Talented Programmer Gets Two-Year Prison Sentence in TJX Case - For supplying the credit card theft gang with special software:
"Stephen Watt, a 25-year-old software developer, was sentenced to two years in a federal prison for the role he played in the TJX hit, one of the largest credit card thefts in history. The programmer was also ordered to pay the company $171.5 million in restitution for the harm caused.
The man befriended notorious hacker Albert Gonzales, the mastermind behind the TJX attack, while he was still in highschool. The two met online and were driven by their passion for computers. The programmer went on to work as software engineer for financial institutions dealing in the securities market, including Morgan Stanley.
Watt assisted Gonzales and his friends by creating a hacking program called 'blabla,' which was used to sniff out credit card information passing through the TJX computer network. This program was found by authorities on two separate servers in Latvia and Ukraine, along with the stolen details of millions of credit cards.
The programmer was indicted in November 2008, and the prosecutors said that 'On diverse dates, Watt modified for Albert Gonzales and provided him a sniffer program used by the conspirators to monitor and capture data traveling across corporate networks.' According to Wired, when authorities caught up with him, Watt worked at Imagine Software, a company developing real-time trading programs, where he earned around $130,000 per year.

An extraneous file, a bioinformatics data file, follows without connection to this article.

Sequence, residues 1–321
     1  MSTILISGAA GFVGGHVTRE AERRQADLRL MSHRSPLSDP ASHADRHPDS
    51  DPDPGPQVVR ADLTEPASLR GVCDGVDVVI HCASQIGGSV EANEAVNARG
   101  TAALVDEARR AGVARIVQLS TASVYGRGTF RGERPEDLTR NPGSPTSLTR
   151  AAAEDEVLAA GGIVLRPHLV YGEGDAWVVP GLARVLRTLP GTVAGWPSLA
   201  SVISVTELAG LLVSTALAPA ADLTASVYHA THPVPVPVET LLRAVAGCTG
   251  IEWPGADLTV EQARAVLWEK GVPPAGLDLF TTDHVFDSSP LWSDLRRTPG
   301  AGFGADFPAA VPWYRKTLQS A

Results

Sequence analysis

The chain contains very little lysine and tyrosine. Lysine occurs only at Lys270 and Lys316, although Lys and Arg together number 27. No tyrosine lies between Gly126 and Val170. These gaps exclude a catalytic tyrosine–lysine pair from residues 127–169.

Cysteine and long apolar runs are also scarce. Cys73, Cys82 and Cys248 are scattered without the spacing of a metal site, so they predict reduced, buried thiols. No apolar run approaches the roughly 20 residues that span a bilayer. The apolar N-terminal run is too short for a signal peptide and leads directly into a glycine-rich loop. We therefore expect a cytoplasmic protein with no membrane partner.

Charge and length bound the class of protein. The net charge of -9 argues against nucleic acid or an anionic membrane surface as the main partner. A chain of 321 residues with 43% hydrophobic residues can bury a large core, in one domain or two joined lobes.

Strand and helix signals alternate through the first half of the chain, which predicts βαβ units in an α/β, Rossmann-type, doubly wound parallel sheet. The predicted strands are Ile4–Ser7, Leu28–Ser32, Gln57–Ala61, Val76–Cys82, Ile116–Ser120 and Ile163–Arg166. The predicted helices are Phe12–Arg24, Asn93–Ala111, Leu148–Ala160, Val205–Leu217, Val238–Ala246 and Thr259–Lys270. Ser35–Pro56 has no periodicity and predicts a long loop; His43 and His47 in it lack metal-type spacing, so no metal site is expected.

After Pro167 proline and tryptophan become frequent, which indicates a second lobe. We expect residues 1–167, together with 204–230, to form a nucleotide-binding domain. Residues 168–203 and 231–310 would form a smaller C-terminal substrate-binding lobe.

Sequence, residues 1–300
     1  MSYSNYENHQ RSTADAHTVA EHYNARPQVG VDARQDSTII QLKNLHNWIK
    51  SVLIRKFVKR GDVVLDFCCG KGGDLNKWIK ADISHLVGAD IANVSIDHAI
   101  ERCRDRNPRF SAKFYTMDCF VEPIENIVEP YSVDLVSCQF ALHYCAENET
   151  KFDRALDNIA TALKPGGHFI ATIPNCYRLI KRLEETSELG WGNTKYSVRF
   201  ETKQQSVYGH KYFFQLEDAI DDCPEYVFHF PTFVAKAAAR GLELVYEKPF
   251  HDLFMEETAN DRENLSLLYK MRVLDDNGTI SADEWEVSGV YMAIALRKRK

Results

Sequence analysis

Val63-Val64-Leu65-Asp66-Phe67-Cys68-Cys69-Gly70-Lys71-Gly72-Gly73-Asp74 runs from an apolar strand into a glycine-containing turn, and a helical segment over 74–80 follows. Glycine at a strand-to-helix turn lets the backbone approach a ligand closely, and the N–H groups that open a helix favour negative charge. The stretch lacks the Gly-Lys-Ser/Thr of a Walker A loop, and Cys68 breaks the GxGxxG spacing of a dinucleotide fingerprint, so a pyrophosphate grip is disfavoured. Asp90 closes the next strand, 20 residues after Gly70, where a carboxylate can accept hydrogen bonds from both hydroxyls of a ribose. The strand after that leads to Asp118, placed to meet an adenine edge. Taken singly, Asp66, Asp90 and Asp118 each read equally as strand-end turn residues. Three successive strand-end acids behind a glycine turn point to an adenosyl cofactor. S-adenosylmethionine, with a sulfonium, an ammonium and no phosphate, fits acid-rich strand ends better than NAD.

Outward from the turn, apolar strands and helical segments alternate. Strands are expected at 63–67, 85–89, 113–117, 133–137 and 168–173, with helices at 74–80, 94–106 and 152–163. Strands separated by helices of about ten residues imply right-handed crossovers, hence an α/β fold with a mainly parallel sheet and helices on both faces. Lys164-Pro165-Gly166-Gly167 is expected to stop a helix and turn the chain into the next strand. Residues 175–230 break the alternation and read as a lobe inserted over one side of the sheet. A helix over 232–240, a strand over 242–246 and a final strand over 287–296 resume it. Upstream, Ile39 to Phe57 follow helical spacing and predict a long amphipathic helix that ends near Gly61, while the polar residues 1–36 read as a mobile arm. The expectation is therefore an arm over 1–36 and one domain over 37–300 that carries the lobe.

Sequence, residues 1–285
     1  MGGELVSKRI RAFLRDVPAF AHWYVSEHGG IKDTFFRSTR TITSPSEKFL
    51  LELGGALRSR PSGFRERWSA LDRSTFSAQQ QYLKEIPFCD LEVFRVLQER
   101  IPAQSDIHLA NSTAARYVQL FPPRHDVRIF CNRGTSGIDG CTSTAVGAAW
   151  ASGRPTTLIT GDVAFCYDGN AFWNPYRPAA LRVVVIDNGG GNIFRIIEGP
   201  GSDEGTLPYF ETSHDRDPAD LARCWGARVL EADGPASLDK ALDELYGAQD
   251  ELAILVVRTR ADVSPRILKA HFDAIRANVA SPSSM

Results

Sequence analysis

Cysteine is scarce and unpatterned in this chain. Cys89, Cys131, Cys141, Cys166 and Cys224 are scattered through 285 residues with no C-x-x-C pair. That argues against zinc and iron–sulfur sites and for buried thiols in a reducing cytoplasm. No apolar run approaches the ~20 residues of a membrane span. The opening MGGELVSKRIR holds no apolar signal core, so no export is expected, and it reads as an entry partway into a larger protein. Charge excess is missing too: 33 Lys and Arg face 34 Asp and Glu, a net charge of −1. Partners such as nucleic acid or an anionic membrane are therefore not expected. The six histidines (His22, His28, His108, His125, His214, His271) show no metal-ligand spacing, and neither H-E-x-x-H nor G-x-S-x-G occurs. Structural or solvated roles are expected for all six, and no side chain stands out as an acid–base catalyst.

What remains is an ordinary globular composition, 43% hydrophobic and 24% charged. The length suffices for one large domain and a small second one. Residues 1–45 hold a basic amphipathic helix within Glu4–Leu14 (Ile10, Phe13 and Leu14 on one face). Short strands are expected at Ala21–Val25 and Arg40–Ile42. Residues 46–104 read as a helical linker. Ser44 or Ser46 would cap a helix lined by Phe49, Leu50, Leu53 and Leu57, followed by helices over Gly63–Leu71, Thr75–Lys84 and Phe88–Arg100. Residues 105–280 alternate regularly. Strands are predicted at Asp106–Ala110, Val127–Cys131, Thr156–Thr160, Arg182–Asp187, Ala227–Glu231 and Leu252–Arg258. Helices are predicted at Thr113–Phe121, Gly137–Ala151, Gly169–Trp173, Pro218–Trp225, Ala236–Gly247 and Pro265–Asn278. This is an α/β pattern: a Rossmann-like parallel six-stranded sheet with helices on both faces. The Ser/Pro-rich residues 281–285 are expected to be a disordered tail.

The hit on TJX, or 'Operation Get Rich or Die Tryin' as Gonzales himself called it, involved stealing credit card information from the networks of major retail stores like T.J. Maxx, OfficeMax, Boston Market, Barnes & Noble, Sports Authority or Forever 21. The authorities called it 'the largest identity theft in our nation’s history' and TJX, the parent company of the retail chains, estimated its losses at $200 million.
Albert Gonzales, who at one time operated as an informant for the Secret Service, is also awaiting sentencing and could face as much as 17 years in prison for his role in the operation."